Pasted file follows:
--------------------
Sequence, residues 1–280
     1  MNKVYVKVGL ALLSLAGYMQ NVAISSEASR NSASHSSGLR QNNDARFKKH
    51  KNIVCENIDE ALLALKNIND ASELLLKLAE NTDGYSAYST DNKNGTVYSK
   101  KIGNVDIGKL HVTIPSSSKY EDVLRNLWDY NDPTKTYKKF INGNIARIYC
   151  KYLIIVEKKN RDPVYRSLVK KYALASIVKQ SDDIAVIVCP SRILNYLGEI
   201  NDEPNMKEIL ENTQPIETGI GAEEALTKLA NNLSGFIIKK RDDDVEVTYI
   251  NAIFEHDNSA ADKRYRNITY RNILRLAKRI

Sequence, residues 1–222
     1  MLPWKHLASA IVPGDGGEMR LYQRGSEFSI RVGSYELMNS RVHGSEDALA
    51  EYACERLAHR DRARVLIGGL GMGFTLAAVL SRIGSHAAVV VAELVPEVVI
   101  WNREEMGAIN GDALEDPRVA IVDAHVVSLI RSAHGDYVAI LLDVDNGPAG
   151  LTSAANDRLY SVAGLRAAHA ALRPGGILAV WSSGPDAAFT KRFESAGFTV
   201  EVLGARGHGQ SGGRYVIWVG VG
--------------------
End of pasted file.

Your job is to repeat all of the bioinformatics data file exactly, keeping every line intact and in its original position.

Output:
Sequence, residues 1–280
     1  MNKVYVKVGL ALLSLAGYMQ NVAISSEASR NSASHSSGLR QNNDARFKKH
    51  KNIVCENIDE ALLALKNIND ASELLLKLAE NTDGYSAYST DNKNGTVYSK
   101  KIGNVDIGKL HVTIPSSSKY EDVLRNLWDY NDPTKTYKKF INGNIARIYC
   151  KYLIIVEKKN RDPVYRSLVK KYALASIVKQ SDDIAVIVCP SRILNYLGEI
   201  NDEPNMKEIL ENTQPIETGI GAEEALTKLA NNLSGFIIKK RDDDVEVTYI
   251  NAIFEHDNSA ADKRYRNITY RNILRLAKRI

Sequence, residues 1–222
     1  MLPWKHLASA IVPGDGGEMR LYQRGSEFSI RVGSYELMNS RVHGSEDALA
    51  EYACERLAHR DRARVLIGGL GMGFTLAAVL SRIGSHAAVV VAELVPEVVI
   101  WNREEMGAIN GDALEDPRVA IVDAHVVSLI RSAHGDYVAI LLDVDNGPAG
   151  LTSAANDRLY SVAGLRAAHA ALRPGGILAV WSSGPDAAFT KRFESAGFTV
   201  EVLGARGHGQ SGGRYVIWVG VG